The police arrested and charged the occupant, Y. M had bad memories from the flat and requested a move.

When we advised M that he was the third occupant to have been terrified in this flat, he was shocked and asked why Mears did not inform him before moving. He was unaware, until we advised him, that there had been previous issues with the occupant Y. This matter had been raised by the service users and Positive Action in Housing with the Home Office and Mears but dismissed out of hand.

He sought an explanation as to why he was moved to an address where Mears was alerted not once, but twice before, to concerns about aggressive behaviour from the other occupant. M suffered sleepless nights and anxiety because of the fear and bullying at the address by the other occupant. The Home Office in response dismissed our concerns rather than investigate the complaint.

In light of the Park Inn tragedy, where mental illness was believed to be a factor, the cavalier attitude of Mears’ Housing Management towards people under its duty of care , and the failure of the Hone Office to make Mears accountable, is of continuing cause for concern to this charity.

August 21

GLASGOW’S seven MPs quit Home Office talks, saying they have “no confidence” in the department and its handling of a review into asylum seeker accommodation.

They urged the Home Office to launch an open investigation into the issues and share the findings with Glasgow City Council as well as the Scottish Government. They withdrew their engagement with the Home Office, saying the department would not discuss its own internal review into the matter or confirm if they could see the final report.

Chris Stephens, Alison Thewliss, Carol Monaghan, Anne McLaughlin, Stewart McDonald, Patrick Grady and David Linden said: 

“It is becoming increasingly difficult to engage with the Home Office in good faith. To be blunt, we have no confidence in the UK Government to take action for asylum seekers if they won’t even properly investigate what the problems are or publish their evaluation. Asylum seekers are already reporting that they feel intimidated to speak out without a representative present. Measures must be taken so they have confidence that their individual cases are not jeopardised. Offering piecemeal internal assessments completely misses the mark – and does a huge disservice to those who need constructive and meaningful action. The Home Office has cannot continue to dodge scrutiny on this. UK Government departments have a habit of hiding behind corporate language rather than taking decisive action. At the heart of this matter is people – and the Tory Government simply cannot ignore the devastating impact that this virus has had on asylum seekers in particular. We call on the Home Office to see sense and commit to a full, independent investigation, outline their process and to ensure their findings are shared with Glasgow City Council and the Scottish Government.”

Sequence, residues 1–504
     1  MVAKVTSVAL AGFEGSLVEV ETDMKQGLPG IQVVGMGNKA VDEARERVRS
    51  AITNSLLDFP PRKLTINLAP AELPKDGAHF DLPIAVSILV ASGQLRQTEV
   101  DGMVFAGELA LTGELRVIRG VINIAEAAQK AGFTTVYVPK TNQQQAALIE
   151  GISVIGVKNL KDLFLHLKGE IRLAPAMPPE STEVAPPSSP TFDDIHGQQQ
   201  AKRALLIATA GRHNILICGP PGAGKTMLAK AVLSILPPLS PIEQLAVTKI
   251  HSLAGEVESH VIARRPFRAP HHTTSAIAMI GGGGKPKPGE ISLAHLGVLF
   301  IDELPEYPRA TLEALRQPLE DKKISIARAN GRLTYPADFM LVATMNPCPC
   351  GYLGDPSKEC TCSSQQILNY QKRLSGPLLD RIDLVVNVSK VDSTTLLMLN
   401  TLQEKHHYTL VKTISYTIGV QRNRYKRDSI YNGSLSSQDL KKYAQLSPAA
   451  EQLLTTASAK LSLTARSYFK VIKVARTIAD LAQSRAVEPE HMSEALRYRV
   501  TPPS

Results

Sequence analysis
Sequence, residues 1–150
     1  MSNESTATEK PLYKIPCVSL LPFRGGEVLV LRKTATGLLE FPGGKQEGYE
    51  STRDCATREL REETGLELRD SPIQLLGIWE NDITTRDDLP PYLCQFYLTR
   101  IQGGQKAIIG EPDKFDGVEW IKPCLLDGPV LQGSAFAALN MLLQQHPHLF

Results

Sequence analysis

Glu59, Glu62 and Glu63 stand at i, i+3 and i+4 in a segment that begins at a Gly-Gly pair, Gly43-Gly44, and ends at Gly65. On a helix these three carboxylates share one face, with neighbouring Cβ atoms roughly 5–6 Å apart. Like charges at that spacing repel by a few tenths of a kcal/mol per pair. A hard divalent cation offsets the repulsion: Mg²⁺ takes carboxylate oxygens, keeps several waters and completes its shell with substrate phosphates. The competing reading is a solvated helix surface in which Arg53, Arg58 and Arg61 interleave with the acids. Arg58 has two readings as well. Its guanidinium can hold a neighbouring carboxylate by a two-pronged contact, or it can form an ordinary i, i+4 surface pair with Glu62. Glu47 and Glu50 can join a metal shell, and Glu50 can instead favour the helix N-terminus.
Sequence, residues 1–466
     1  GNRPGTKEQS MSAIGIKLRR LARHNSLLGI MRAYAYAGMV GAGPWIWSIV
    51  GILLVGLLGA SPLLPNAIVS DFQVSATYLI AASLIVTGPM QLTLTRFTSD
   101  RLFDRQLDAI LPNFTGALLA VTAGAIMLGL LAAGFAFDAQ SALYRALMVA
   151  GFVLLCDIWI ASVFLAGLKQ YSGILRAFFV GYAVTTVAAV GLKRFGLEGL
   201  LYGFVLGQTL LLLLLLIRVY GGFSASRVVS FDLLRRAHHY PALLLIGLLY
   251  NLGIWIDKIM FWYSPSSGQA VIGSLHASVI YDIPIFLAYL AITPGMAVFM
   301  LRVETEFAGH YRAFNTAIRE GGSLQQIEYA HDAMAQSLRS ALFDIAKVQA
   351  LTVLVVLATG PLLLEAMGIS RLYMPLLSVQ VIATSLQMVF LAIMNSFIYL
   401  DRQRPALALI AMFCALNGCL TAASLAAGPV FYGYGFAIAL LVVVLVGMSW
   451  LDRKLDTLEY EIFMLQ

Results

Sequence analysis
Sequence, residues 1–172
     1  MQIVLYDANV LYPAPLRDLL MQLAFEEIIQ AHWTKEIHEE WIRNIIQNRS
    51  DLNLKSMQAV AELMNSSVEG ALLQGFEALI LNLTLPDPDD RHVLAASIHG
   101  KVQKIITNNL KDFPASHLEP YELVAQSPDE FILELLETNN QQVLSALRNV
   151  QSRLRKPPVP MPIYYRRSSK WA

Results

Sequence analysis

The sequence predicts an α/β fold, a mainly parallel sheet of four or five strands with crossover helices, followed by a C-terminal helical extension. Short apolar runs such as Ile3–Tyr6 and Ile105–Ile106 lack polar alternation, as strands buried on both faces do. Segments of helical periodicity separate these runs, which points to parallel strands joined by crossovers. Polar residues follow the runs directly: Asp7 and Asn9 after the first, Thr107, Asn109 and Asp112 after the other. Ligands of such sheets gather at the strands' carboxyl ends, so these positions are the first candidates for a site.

A spokesperson for the Home Office said the department takes the wellbeing of those in the asylum system “extremely seriously” and added they have taken measures to reduce the risk of coronavirus transmission during the crisis.They went on:

“We regret that these MPs have not taken the opportunity to engage with this process despite us asking to meet with them in good faith. The review has not yet concluded and we would encourage the MPs to engage constructively to help us make any necessary improvements, which we are committed to do.”

August 22

Had we not broken this story, no one would know Mercy Baguma’s name today. Neither the Home Office, Mears nor Police Scotland had issued a statement about her death. We had to piece bare information together.

Mercy Baguma was found dead by Police Scotland in the hallway of her flat in 24 Kennedar Drive in Govan, while her baby son was discovered in his cot clutching an empty milk bottle, malnourished as a result of having not eaten for several days between 18 and 22 August. Mercy and her baby were under the care of the Home Office.

We continue to be concerned about the failure of risk checks by Mears when moving human beings into shared accommodation.

September 2020

A Palestinian refugee Mohammad Al Massari contacted us. He claimed he was assaulted and intimidated by his new roommate after being moved there by Mears. He made complaints and lodged police reports, and the man was eventually moved. Mohammad says he is now too traumatised to stay there.

After he told us what happened, it became apparent that two other asylum seekers had also fled terrified from the same flat because the in situ occupant was reported to be intimidating each man. We highlighted their cases in August 2020, they were two asylum seekers who complained about being placed in accommodation with the same aggressive “flatmate”.